History buffs, longtime Kingman residents and newcomers to the city can all find something interesting in the Bonelli House, located downtown.
The house was built in 1915 after the original frame house burned down. Today, it exists in virtually the same condition as when George and Effie Bonelli lived in it, albeit with the addition of some modern conveniences such as heating and cooling. Because the Bonellis first home was lost to a fire, the contractor built the new one with tufa stone and thick, fire resistant plaster to protect against future fire dangers - which also helped to shield the home from extreme heat and cold.
Every room was equipped with an exit to the outdoors due to fire safety concerns for the Bonellis' nine children.
The city of Kingman bought the house in 1973 from Joseph Bonelli, one of George's sons. Joseph was still cooking on the coal-fired stove in the kitchen when he turned the home over to the city. That stove remains in place, along with several other heating stoves in the bedrooms and living areas.
With the help of a National Historic Preservation Grant and the Daughters of the Mohave County Pioneers, the home was restored for use as a historical museum.
Although largely furnished with original belongings of the Bonelli family, some period pieces are also used to fill out the décor, chosen to represent original pieces that were present in the home. Private individuals donated some of the display items, and others were purchased at local antique shops.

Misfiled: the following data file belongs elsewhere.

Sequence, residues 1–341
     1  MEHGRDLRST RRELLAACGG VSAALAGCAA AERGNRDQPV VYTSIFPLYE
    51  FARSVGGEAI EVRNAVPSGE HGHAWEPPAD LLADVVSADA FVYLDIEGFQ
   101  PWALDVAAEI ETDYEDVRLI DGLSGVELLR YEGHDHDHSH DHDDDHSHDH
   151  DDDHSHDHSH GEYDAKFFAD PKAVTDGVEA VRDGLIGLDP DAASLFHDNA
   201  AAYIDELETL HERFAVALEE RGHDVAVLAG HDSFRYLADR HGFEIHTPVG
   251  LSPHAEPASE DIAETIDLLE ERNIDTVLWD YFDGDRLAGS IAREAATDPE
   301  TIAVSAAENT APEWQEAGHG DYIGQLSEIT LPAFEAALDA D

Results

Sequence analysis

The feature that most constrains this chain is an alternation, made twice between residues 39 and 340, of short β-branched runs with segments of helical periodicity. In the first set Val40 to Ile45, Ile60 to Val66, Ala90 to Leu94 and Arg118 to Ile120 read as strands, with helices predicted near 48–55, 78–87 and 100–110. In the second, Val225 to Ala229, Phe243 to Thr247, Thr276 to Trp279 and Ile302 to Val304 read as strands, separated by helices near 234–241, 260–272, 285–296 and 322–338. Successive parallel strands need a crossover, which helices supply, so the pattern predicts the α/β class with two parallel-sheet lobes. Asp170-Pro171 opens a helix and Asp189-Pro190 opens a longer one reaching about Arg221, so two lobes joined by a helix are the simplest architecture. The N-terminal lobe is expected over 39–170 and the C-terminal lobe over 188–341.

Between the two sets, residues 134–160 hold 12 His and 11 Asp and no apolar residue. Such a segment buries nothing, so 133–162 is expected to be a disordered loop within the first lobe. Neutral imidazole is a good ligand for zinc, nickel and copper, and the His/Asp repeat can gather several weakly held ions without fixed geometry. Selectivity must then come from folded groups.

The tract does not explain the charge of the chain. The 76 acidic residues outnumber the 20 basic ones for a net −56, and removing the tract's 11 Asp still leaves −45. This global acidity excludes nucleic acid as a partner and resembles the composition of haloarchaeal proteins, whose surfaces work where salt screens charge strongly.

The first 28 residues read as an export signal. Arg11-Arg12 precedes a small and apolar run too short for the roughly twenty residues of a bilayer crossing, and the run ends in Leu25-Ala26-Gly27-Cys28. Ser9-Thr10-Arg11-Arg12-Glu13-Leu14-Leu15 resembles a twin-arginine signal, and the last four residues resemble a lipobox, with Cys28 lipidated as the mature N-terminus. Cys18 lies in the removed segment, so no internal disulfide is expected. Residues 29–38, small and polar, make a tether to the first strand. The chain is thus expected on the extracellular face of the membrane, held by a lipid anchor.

"When people come through, they find things that they can relate to, one way or another, and it just really is a great interest to them," said Cathy Kreis, a volunteer with the Mohave County Historical Society.
The historical society curates the museum, which opened to the public in 1978 and is listed on the National Register of Historic places. The city owns and maintains the home.
Kreis said the house is "absolutely a beauty, and it gives a real sense of what life was like. People need to adopt it and just take care of it." She said the historical society would appreciate volunteers in the community willing to take four-hour shifts, especially on Saturdays.
The museum is currently open only during the week.
One volunteer at the house agreed to restore two clocks that belonged to the Bonelli family - a burned parlor clock and a large hanging calendar clock. Willis Lynes, owner of The Clock Man, located at 226 E. Beale St., and assistant Scott Johnson are performing the work free of charge, and the restoration is moving along quickly.
The men received the 1874 Kroever parlor clock in six pieces, which they have reassembled. They still must reinstall the works and other parts inside the clock. The curators asked that the piece be left in its burnt condition to retain its historical flavor.
The 1885 Ingraham calendar clock also needs some more work, including a new dial that will be hand-painted to replicate the original face.
"I'm just so excited to be able to share that with people in its working condition," Kreis said.
The Bonelli House requires another act of kindness as well. The dining room of the home once featured a framed etching, which has been badly damaged. Curators wish to find a professional who can reassemble the broken frame and preserve the artwork in new glass so the piece may be rehung in its original location.
The public may visit the Bonelli House, located at 403 E. Spring St., Monday through Friday, from 11 a.m. to 3 p.m. Volunteers and others seeking more information may contact the Mohave County Historical Society at 753-3195.